Using Mastery Learning Ideas to Assess Student WorkThomas Kelley, Physics, Northeastern University
Using Mastery Learning Ideas to Assess Student Work
Assessing the skills of my students is the hardest part of teaching coding and/or programming. Assessing a student's work could boil down to the question, "did the program output the right answer?" However, I believe students should learn that good programming involves more elements than just producing the "right" answer. What are these objectives and how do I address them? The following questions allow me to efficiently evaluate students' programs:
- Is the code clear? (Does it contain enough comments?)
- Does it run without errors?
- Is the output correct?
- Does it deal with "junk" input and questionable output well enough?
While each question addresses one of my learning objectives, many students only consider question 3 when programming. I use the ideas behind mastery learning to encourage students to consider all the elements of a good program. After students submit their programs, I give them feedback and a score based on the criterion above and allow them to resubmit as many times as needed to meet all the objectives (with the stipulation they make progress between resubmissions). This encourages student engagement, allows students to take risks and learn more, and gives me an opportunity to analyze the finer details of the students' coding practices.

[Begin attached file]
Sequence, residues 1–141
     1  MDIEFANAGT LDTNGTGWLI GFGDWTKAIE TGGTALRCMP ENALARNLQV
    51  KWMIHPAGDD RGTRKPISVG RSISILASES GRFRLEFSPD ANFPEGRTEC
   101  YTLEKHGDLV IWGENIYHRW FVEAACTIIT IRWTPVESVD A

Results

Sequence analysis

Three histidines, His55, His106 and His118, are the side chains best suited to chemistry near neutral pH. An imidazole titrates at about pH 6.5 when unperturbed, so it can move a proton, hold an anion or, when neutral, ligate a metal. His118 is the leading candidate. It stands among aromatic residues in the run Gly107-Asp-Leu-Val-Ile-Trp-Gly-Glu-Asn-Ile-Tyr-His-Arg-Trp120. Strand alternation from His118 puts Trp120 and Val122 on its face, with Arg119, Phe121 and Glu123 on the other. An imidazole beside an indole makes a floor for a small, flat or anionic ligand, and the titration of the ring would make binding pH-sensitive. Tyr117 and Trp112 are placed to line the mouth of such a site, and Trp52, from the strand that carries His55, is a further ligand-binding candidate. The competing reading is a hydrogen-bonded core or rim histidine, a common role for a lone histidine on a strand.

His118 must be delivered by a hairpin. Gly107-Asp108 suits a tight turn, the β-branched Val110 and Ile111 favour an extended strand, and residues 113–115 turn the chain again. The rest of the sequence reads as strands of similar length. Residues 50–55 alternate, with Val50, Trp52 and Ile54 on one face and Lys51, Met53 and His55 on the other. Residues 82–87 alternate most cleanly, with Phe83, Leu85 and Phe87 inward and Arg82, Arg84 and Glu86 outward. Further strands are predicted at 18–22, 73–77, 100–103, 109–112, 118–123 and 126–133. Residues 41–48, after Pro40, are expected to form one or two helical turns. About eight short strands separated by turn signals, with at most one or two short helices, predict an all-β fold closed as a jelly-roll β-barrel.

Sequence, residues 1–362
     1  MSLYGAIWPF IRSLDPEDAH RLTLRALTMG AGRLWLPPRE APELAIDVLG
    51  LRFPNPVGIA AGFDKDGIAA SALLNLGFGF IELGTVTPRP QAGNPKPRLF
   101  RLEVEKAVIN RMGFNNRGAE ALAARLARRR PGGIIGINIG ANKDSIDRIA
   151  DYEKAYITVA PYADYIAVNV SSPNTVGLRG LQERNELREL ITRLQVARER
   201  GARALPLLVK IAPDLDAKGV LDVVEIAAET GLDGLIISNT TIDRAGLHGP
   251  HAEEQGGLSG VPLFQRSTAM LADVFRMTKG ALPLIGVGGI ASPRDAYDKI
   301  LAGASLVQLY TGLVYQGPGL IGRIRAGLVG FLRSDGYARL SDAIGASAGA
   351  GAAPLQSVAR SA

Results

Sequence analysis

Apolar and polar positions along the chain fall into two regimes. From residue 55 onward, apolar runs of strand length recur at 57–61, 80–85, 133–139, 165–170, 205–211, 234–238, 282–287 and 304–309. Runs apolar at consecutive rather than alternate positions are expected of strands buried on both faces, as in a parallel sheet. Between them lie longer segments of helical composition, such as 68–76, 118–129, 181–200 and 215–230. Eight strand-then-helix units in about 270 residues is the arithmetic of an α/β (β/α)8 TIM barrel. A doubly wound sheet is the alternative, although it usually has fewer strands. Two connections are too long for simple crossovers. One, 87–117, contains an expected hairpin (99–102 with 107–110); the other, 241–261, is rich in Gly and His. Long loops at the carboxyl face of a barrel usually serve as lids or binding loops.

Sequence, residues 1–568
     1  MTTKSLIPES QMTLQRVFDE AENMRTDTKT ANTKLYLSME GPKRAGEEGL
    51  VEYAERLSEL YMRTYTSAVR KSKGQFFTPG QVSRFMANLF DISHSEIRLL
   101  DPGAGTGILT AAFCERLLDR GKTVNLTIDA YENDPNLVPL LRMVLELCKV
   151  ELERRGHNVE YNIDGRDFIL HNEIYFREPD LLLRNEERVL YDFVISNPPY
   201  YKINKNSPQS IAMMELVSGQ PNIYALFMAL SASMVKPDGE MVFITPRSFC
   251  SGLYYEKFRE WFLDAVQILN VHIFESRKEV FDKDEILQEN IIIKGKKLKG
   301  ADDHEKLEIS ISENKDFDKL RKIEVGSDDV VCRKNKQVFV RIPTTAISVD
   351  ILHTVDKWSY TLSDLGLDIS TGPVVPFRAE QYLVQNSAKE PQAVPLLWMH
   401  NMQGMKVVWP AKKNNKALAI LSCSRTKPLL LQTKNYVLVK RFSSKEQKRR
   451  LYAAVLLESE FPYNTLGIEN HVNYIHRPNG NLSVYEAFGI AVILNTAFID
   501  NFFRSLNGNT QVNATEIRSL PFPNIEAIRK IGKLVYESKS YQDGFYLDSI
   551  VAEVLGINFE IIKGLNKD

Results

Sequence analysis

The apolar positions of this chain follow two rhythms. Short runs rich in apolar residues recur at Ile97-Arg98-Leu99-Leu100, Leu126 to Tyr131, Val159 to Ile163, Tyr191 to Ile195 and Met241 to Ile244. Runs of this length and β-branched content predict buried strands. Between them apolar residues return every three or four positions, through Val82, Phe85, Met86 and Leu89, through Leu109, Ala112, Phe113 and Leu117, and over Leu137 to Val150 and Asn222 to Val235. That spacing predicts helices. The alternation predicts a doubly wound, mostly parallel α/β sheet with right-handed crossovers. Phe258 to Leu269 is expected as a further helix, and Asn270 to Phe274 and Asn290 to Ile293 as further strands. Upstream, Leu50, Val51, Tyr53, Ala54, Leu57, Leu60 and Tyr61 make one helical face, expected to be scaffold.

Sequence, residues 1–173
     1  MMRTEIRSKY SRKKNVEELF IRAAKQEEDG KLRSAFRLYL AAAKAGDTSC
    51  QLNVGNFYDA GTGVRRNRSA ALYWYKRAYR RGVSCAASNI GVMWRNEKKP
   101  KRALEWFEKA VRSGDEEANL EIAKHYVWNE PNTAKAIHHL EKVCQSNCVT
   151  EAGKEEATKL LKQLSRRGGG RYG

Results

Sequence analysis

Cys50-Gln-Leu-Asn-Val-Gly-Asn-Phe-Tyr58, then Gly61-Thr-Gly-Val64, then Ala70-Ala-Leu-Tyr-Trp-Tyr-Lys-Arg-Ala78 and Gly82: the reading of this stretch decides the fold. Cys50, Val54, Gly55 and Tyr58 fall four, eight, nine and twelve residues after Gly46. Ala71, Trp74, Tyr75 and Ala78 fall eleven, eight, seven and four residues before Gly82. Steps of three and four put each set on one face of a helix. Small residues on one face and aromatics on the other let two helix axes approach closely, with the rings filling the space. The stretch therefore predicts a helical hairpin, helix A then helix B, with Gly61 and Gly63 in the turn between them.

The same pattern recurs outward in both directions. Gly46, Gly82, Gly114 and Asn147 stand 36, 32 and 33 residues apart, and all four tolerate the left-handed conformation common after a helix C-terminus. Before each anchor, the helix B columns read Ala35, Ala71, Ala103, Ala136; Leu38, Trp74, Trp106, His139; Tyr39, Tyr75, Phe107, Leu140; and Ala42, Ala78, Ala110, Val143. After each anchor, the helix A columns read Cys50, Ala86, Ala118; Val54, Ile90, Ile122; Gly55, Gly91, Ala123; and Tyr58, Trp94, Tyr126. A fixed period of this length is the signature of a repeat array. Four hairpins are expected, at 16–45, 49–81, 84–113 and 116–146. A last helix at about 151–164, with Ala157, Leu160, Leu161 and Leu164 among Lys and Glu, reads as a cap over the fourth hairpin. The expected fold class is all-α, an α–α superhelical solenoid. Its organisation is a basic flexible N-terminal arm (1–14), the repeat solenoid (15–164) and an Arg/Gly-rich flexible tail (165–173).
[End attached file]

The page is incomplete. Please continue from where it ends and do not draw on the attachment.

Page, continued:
Allowing a back and forth between the students and me naturally engages the student. Undergraduate students today place great importance on grades; therefore, when given an opportunity to improve their grade, they usually take it. During the semester, almost every student stops by my office to discuss their assignments and seem genuinely engaged with understanding the programming methods involved. I have even seen debates erupt in class among students about the best way to code solutions to assignments.
Allowing students to resubmit work with no penalty encourages students to take time doing the assignment right and not just "good enough". With time to go down blind alleys and try new things, students naturally explore more of the programming languages and learn tricks that otherwise would go undiscovered. People learn by doing and allowing students to modify and improve their work gives them the freedom to explore all the wrong and some unexpected ways to program.
Giving students multiple chances for feedback allows me to assess their work beyond the obvious questions of "does it run?" and "are the results correct?" I give myself the room to ensure that students create readable code and test program input/output. These two tasks do not come naturally for students and need to be practiced and reinforced by instruction. If students remain in technical fields beyond graduation, they will invariably pass their code onto a colleague. Passing off readable code with clear indentation, comments, and input testing will set them apart from others in their workspace (speaking from experience). Giving students ample opportunity to practice increases the chances of them carrying this habit forward and making an impression in their chosen field.Assessing students programming skills can be hard and time consuming, but I have found that accepting resubmitted work engages students, allows them to take risks, and allows me to assess the finer details of their programs.